In its concluding remarks on this RIA, API states with reference to the engine wear matter,
- "The conclusions of the RIA appear implausible.
- "In order for this analysis to be of any use in comparing benefits and costs, a more realistic analysis of the effects ... is needed, as is a monetization of air quality benefits." (p. 41)
5 The Proposed Great Lakes Water Quality Guidance
The Guidance document deals with point source discharges into the Great Lakes. It provides direction to the states on water quality standards and specifies criteria for certain pollutants.
API’s criticism begins with trading considerations:
- "An important regulatory alternative not considered in the RIA was the use of effluent trading as a means of ensuring cost-effective controls across point sources." (p. 44)
The cost side of the analysis proceeded by dealing with a sample of point source dischargers and geographic subsets of the Great Lakes. API expressed reservations:
- "The approach used to select the sample of major dischargers was based on time and resources available, not on a predetermined level of statistical significance. It is therefore questionable whether the cost results are statistically significant ....
- "Potentially significant factors not considered in the RIA analysis include possible control of non-point sources, the costing of emission control when allowable levels are set below analytical detection limits, and future criteria development (as new criteria are developed for Tier II pollutants, limits will be incorporated into permits under the Guidance). Other factors not considered include additional costs to expanding plants, costs incurred by new facilities locating in the Great Lakes area, and regional impacts." (pp. 47-48)
In addition to questioning the RIA cost estimates, API refers to higher, industry-supplied estimates:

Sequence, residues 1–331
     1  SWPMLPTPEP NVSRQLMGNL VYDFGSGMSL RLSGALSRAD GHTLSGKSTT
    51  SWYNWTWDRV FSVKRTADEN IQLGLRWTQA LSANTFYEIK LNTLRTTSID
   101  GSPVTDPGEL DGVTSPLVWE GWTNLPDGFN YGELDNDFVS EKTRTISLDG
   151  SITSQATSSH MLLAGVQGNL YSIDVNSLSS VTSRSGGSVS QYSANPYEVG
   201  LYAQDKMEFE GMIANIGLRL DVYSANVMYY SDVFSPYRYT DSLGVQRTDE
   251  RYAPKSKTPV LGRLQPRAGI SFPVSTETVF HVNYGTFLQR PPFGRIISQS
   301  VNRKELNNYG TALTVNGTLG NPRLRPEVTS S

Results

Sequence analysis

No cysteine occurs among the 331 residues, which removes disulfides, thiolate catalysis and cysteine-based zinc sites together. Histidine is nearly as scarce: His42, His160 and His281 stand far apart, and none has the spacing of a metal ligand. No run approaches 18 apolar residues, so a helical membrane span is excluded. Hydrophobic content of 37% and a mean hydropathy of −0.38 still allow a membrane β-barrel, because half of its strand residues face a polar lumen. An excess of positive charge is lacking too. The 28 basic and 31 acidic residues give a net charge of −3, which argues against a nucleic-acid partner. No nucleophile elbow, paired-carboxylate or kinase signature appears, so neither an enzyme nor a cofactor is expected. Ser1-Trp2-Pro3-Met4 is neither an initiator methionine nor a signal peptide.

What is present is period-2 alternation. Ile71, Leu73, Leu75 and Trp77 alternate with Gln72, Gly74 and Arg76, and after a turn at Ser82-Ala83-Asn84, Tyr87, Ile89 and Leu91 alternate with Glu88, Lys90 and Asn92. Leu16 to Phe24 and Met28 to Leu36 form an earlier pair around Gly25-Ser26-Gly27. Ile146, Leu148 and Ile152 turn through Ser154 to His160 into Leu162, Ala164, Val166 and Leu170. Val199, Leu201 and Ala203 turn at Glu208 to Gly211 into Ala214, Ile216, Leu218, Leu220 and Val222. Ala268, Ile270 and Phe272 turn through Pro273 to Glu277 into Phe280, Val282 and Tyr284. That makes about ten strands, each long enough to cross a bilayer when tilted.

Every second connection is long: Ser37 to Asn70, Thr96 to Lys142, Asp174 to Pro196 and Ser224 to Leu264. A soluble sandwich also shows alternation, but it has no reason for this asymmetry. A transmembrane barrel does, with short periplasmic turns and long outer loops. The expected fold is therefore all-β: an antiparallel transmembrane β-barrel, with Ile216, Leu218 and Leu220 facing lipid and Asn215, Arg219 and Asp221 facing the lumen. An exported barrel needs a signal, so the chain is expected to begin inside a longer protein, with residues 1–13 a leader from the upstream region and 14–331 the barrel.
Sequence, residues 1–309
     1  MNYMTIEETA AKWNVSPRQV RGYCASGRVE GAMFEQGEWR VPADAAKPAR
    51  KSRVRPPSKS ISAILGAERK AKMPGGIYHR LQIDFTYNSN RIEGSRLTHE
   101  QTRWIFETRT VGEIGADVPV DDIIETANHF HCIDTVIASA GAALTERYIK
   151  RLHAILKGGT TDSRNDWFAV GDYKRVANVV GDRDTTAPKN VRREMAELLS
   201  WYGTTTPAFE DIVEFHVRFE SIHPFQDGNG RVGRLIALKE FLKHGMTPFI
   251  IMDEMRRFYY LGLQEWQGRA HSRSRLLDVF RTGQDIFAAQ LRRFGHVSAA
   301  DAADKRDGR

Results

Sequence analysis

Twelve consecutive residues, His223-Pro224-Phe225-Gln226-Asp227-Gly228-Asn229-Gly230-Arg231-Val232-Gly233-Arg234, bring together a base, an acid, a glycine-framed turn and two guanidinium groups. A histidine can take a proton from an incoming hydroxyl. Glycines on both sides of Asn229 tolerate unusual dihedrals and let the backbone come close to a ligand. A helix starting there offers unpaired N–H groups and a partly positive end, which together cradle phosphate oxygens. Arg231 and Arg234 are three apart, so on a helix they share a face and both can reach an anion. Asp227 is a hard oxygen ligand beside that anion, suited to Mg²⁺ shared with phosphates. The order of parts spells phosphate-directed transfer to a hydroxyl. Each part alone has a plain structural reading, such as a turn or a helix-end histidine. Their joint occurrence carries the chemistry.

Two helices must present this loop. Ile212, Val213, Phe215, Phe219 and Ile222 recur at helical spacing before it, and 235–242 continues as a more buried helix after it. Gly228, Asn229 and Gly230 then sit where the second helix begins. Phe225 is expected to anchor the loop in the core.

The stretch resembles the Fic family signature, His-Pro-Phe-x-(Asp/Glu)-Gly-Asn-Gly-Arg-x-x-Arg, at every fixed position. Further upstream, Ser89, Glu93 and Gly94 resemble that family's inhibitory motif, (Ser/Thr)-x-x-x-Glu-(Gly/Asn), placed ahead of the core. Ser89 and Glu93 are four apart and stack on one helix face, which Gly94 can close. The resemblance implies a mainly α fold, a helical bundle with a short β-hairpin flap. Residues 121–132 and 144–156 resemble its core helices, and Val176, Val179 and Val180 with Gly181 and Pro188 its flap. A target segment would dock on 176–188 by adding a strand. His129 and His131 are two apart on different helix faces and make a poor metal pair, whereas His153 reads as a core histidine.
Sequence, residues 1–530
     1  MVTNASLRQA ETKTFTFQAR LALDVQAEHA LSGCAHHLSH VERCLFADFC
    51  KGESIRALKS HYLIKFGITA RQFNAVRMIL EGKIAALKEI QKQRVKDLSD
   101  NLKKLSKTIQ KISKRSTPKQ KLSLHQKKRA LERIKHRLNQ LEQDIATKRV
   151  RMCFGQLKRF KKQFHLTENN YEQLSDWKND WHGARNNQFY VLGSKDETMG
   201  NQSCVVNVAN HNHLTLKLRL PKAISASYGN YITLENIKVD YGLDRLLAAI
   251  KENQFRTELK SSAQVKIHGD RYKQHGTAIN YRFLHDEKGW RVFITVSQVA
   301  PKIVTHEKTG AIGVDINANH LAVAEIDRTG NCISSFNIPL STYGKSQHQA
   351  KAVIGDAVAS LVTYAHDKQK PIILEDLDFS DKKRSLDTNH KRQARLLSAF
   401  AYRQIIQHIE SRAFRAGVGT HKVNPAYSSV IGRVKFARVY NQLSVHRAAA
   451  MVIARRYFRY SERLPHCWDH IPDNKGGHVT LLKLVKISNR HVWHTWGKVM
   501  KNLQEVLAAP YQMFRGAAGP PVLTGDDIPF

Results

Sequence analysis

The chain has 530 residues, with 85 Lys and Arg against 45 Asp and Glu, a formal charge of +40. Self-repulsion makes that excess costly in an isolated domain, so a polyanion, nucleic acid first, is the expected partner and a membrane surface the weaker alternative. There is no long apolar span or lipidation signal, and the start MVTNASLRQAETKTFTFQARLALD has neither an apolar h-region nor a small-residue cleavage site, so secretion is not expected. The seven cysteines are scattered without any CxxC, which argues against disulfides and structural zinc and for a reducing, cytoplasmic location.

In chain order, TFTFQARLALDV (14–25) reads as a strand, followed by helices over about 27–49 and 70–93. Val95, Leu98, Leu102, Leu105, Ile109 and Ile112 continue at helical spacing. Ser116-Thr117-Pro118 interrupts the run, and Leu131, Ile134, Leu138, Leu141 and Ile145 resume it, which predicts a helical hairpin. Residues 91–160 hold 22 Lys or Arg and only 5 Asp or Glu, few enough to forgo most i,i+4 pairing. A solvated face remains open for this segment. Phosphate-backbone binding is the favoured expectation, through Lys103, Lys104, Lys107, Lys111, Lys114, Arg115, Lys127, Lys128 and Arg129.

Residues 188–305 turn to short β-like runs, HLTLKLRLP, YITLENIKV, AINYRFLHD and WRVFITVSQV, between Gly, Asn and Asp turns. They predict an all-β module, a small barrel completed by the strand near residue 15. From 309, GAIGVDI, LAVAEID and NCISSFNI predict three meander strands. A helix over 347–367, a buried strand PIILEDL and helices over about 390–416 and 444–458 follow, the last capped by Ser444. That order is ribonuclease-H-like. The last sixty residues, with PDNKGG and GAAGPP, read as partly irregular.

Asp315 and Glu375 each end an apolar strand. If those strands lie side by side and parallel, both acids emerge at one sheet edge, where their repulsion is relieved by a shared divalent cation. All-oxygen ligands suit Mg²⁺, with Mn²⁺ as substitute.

- "If industry cost estimates are compared with EPA derived benefits, the conclusion would be that net societal welfare would decrease with the implementation of the Guidance. ... the sensitivity analysis of EPA demonstrated that the costs of the Guidance could exceed the benefits." (pp. 54)
The API authors were similarly concerned about the benefits side:
- "An important assumption in the calculation of benefits was the determination of the fraction of a given benefit estimate attributable to the Guidance. The limited amount of information that exists suggests that approximately 90 percent or more of the current concentrations of toxins at the mouth of the Lower Fox River [one of the areas studied] are due to sediment (reflecting historic rather than on-going loadings to the system), and on the order of 1 percent are due to point sources. Assigning a value of 50 percent of the benefit estimates to the Guidance appears to be unwarranted based on current information and was not based on empirical evidence. As explained in the RIA and illustrated in Table 8 [not reproduced], the benefits are highly sensitive to this assumption.
- "Under an attribution assumption of 10 percent or less, dramatically different conclusions than those arrived at in the RIA are obtained. ... costs would exceed benefits and therefore ... net social welfare would be decreased through implementation of the Guidance. ... On the other hand, various categories of benefits were not estimated, e.g., human health, subsistence fishing, waterfowl hunting, and recreational boating and swimming ... These benefits are likely to be significant. The conclusion that must must be drawn is that sufficient information does not exist to determine either the sign or the magnitude of net social benefits ...." (p. 51)
The API authors conclude:
- "In sum, the omission of major sources of discharge (non-point sources), combined with the existing regulatory, technological, and statistical uncertainties, results in inconclusive net benefit estimates." (p. 55)
6 Emissions of Hazardous Air Pollutants from Petroleum Refineries (NESHAPS)
EPA is required under the Clean Air Act to control emissions of hazardous air pollutants (HAP) from refineries which is the ostensible purpose of the proposed rulemaking for which the RIA was developed. However, most of the benefits derive from the ancillary congenial effect of diminished emissions of volatile organic compounds (VOC), precursors of ozone. API, op. cit., pp. 62-63.